Better science education wouldn’t fix Star Trek’s bad science, argues John Scalzi. But it doesn’t matter.
. . . even movies with bad science can still inspire the science-minded. Aside from James Kirk, the main characters in Star Trek are a science officer, a linguist, a mathematical whiz kid, a doctor, an engineer and a starship pilot who’s good at fencing. Which is to say they’re all geeks. If you think real world geeks don’t look at that, say I want to live there, and then work to make it happen, you’ve not been paying attention to all the technical progress of the last few decades.
. . . most of super-educated and science-positive folks I know love their Star Trek and Star Wars and Matrix and what have you, even when they know the “science” is complete nonsense.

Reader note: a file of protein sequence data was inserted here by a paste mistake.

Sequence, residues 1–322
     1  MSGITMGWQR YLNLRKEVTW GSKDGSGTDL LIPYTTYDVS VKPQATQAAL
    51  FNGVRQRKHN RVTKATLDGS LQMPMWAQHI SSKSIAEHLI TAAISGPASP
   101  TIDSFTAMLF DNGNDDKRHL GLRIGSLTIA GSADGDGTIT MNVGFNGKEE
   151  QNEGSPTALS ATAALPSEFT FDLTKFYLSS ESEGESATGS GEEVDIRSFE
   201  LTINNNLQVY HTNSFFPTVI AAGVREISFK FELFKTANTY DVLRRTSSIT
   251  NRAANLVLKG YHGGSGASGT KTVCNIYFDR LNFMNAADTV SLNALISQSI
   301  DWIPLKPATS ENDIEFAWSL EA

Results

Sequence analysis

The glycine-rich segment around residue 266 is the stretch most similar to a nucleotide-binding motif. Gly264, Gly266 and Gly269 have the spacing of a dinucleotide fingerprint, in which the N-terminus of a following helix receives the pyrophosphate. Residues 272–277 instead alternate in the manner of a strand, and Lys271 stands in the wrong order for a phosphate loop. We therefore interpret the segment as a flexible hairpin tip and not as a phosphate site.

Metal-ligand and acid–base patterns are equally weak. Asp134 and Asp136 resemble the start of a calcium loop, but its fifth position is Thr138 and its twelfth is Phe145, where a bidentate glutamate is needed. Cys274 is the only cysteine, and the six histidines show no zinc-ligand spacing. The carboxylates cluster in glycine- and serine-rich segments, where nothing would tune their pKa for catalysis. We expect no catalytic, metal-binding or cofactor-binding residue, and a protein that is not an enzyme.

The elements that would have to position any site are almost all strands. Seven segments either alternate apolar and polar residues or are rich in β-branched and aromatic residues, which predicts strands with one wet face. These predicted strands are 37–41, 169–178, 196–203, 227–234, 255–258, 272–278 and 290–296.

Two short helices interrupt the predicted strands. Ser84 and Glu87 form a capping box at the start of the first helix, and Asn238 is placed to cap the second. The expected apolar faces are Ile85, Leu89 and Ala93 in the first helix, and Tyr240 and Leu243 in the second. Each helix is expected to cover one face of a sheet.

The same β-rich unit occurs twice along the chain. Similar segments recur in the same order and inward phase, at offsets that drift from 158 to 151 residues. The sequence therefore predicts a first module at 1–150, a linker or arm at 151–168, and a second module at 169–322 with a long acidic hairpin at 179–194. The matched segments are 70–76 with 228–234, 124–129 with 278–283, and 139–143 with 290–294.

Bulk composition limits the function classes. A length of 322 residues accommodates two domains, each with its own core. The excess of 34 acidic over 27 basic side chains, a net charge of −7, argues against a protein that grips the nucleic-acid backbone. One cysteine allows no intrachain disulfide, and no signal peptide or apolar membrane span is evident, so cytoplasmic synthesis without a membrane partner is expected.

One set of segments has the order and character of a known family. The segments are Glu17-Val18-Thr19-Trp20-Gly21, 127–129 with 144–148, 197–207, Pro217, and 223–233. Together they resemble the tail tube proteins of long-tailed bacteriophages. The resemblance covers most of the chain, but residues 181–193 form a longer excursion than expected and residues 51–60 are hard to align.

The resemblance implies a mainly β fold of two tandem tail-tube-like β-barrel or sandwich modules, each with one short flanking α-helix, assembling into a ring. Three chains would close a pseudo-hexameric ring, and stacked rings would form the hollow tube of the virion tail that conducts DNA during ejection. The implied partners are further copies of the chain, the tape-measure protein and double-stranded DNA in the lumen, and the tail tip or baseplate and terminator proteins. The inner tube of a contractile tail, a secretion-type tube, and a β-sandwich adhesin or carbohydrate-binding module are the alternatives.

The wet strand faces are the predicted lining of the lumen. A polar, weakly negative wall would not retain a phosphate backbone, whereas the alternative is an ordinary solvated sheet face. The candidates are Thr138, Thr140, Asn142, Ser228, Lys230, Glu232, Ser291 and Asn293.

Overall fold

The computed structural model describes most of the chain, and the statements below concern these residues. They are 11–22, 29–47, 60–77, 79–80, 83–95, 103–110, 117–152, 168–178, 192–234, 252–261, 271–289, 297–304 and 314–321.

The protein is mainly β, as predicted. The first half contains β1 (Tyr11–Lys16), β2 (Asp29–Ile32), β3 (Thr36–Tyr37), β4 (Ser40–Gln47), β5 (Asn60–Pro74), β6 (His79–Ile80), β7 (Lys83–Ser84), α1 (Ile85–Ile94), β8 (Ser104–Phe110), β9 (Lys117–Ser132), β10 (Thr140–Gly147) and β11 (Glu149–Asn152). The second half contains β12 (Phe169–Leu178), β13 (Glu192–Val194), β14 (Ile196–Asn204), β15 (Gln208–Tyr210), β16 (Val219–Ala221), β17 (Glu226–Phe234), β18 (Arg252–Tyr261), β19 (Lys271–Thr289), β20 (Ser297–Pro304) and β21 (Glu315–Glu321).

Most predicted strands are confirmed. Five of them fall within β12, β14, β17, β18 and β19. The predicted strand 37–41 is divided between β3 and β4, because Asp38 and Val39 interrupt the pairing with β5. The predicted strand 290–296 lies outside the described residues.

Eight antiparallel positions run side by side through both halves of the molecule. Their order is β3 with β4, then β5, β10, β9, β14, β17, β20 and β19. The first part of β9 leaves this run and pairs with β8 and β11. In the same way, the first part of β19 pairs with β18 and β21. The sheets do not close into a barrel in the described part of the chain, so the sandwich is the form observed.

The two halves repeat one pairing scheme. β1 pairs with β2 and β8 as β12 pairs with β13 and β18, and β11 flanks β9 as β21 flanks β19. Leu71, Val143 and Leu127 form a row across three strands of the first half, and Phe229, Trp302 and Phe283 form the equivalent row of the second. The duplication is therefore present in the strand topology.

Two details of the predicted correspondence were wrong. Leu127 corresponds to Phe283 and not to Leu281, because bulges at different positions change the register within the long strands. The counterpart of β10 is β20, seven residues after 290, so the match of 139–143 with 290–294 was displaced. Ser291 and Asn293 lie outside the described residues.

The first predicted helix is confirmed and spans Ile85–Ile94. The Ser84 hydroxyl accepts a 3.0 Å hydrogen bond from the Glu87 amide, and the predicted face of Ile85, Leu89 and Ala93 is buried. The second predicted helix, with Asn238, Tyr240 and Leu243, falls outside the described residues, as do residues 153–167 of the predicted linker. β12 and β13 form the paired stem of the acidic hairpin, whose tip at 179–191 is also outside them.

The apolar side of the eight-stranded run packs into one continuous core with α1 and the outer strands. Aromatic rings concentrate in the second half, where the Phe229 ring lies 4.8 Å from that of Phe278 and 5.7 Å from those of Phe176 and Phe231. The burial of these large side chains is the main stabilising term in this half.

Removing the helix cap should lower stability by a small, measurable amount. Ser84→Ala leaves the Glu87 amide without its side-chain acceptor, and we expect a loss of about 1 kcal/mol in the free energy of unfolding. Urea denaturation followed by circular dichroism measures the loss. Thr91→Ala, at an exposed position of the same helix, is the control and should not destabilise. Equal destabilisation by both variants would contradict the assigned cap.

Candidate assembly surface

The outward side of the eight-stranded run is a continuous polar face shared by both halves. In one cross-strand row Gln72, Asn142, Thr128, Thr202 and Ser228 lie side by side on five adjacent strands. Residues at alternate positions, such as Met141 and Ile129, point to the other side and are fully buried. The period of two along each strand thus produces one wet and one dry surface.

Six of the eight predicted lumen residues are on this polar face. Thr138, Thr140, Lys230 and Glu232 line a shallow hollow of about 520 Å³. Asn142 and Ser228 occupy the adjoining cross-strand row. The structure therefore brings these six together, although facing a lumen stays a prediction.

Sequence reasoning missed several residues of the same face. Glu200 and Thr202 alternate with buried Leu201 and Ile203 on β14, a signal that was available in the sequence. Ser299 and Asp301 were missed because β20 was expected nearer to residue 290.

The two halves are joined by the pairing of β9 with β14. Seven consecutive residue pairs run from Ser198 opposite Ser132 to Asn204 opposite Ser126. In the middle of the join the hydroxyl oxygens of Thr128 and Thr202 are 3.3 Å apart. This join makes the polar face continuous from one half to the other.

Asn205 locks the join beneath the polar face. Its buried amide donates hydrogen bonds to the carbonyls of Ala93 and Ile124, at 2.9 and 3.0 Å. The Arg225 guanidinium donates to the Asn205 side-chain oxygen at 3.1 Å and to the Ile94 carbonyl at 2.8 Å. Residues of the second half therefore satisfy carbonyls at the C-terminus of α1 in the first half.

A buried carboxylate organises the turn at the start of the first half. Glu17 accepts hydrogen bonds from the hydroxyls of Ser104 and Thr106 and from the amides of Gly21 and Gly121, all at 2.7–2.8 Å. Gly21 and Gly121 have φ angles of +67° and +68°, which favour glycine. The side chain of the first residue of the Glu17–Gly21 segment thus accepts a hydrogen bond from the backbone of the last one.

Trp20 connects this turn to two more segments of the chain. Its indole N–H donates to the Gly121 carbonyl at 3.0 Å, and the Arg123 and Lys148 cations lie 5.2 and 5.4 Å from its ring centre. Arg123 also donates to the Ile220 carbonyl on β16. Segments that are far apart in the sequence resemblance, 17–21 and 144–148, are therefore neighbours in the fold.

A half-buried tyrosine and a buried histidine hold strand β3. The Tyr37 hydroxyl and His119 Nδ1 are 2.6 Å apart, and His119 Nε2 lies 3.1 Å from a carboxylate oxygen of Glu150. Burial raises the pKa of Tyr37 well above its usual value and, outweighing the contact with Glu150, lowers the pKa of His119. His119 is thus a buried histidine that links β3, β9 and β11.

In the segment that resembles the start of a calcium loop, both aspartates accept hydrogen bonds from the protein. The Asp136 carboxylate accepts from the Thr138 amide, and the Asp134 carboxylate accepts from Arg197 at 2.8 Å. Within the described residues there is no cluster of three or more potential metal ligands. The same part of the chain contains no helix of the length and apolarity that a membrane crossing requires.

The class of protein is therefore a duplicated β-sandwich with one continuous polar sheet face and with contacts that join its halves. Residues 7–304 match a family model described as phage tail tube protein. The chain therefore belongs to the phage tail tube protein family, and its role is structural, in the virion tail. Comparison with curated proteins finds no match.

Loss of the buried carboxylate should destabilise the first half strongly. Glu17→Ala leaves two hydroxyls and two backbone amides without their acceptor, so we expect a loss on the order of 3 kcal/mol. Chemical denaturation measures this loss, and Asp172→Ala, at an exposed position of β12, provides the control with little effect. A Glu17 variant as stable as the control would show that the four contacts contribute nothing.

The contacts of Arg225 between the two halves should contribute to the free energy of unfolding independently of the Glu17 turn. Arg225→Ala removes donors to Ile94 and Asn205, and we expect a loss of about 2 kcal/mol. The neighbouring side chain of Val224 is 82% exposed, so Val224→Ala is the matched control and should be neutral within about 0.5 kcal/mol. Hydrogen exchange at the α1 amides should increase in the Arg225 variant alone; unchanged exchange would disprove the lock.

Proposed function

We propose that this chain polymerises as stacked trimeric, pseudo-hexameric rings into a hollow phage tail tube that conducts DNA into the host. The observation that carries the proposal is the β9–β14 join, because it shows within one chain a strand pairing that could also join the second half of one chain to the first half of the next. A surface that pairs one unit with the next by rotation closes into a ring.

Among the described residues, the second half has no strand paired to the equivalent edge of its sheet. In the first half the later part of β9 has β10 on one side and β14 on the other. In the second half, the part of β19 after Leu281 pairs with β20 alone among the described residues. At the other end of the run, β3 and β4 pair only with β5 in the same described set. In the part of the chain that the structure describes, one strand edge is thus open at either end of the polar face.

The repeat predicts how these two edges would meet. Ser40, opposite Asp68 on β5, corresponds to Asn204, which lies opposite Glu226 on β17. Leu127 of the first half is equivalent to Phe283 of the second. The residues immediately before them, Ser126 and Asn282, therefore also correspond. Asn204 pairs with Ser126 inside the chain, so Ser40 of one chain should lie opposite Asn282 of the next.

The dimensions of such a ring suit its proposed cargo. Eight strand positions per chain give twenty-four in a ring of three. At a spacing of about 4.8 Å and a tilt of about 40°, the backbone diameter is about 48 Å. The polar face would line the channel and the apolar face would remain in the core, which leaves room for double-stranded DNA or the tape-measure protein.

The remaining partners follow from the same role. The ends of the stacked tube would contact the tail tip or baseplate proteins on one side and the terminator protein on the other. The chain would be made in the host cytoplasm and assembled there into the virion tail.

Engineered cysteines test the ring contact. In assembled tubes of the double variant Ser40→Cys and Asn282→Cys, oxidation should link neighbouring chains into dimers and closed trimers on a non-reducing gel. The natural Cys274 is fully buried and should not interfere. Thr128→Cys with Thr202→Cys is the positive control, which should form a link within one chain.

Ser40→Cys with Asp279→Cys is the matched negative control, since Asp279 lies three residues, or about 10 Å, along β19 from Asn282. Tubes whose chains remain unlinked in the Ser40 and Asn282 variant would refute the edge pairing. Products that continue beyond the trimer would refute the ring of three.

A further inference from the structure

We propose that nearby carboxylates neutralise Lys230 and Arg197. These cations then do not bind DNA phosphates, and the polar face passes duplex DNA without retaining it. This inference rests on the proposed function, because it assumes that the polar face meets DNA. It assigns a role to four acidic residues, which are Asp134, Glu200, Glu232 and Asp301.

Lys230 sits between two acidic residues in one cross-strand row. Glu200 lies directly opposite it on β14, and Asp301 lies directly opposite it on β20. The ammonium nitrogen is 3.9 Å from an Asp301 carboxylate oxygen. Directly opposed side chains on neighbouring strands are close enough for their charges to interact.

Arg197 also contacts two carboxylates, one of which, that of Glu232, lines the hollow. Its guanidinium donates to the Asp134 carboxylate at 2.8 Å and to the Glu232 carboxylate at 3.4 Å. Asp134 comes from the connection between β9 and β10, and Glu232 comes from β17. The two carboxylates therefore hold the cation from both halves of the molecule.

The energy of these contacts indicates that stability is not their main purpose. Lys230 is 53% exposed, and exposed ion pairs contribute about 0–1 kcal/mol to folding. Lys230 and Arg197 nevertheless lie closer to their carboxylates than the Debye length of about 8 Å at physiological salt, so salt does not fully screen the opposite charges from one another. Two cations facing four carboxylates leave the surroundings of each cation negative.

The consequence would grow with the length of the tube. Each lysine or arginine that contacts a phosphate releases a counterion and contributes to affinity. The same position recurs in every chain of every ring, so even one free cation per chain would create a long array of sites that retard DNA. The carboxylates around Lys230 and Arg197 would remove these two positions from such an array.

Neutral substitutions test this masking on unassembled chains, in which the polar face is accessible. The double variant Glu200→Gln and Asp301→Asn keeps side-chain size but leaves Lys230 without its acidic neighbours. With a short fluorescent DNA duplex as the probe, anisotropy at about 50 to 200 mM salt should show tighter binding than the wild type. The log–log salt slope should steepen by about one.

I saw Star Wars In Concert a few weeks ago in Boston. Anthony Daniels (C3pio) narrated the film clips. I had to wonder once again why the Jedi knights use light swords instead of guns.
On the plane on the way home, I watched The Big Bang Theory, which features Trek-loving brainiacs and the blonde girl across the hall. I wondered why two CalTech professors are sharing an apartment in a building cheap enough for the blonde waitress to rent her own place.
My husband can’t get over the lighted helmets the Viper pilots wear on Battlestar Galactica.
One needs to think less at times.